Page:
Q. What is your favourite dish that you enjoy cooking?
I do spend my life braaiing – even at home – but I love it. I also love classic casseroles and stews such as lamb curry or a beautiful vegetable stew. They’re hearty meals you can eat for three or four days.
Q: Six people (dead or alive) who you would like to cook for?
A: My Father
Robert de Niro
Q. What trends / challenges are restaurants facing in 2017?
Service: an ongoing challenge is service issues and the continued focus on education and training for staff.
Increasing food costs: The cost of food and trying to get it to the customer with as much value as possible. On the one hand, everybody is working hard for their money and food is getting more expensive. On the other hand, we’re trying to run a business – one that employs between 110-120 people.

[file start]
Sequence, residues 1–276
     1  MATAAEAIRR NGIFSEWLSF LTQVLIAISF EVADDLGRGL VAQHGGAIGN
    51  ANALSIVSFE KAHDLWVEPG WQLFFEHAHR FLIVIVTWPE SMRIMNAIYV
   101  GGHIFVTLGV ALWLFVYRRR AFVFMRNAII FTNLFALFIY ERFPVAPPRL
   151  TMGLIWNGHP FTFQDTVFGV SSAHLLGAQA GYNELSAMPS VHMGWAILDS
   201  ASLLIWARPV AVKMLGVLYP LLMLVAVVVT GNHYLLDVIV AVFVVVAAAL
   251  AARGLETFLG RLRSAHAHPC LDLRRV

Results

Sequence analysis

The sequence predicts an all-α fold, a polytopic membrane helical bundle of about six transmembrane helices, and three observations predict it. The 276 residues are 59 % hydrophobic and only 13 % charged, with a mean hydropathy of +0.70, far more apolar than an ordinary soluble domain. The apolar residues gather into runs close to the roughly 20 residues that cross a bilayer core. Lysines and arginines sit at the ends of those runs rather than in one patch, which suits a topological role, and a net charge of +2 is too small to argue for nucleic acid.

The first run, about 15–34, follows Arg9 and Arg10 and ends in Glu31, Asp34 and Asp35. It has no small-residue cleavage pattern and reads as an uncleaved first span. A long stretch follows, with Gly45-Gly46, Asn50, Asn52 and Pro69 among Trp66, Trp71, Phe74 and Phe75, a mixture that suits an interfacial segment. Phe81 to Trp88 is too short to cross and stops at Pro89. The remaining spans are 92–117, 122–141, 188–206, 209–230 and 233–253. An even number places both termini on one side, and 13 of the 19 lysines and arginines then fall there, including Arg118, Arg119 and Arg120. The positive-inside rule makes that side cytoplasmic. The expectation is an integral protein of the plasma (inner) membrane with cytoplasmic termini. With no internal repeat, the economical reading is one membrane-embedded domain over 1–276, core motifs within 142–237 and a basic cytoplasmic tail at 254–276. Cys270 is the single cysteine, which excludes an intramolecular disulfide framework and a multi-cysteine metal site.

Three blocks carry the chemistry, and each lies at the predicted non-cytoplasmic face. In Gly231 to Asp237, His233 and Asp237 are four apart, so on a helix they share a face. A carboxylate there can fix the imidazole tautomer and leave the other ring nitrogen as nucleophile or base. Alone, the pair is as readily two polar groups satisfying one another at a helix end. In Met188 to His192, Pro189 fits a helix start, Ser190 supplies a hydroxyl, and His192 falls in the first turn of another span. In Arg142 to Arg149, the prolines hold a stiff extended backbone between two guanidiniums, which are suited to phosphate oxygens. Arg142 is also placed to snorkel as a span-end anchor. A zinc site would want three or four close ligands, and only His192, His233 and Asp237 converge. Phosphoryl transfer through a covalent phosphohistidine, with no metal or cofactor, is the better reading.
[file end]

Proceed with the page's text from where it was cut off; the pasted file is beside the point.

Live-fire cooking: this is, without a doubt, one of the biggest international trends now. South Africans love to braai on weekends – making a wood fire and adding charcoal, or not. The concept of cooking on fire is popular for many reasons. First, fire touches all the senses – it’s visual, you can feel the heat, and it gives the food a distinct taste and flavour. More and more fine-dining Chefs are using it in elements in their cooking.
Cocktails: there is a definite resurgence for making the classic cocktails properly.
Small plates: there’s a growing trend towards eating smaller plates of food, rather than one big plate. It seems everyone is doing lots of little sharing plates right now.
Simplicity: simple cooking. Molecular gastronomy has almost been turned on its head. Cooking on fire is so primitive – rather than having 20 different flavours on one plate, you have fewer flavours but they are more defined.